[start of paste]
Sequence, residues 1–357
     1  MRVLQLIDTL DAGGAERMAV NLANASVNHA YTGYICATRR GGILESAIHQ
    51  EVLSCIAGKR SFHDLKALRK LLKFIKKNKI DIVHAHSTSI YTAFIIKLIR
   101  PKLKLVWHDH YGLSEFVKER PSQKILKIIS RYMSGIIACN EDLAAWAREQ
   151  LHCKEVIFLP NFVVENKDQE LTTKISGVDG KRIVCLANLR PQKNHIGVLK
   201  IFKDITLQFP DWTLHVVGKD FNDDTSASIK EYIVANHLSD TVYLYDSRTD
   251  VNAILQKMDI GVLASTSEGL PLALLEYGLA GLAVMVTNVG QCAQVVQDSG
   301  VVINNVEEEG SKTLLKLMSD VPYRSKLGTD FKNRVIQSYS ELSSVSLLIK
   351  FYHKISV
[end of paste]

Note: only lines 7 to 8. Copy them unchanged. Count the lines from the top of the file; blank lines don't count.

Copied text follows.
   251  VNAILQKMDI GVLASTSEGL PLALLEYGLA GLAVMVTNVG QCAQVVQDSG
   301  VVINNVEEEG SKTLLKLMSD VPYRSKLGTD FKNRVIQSYS ELSSVSLLIK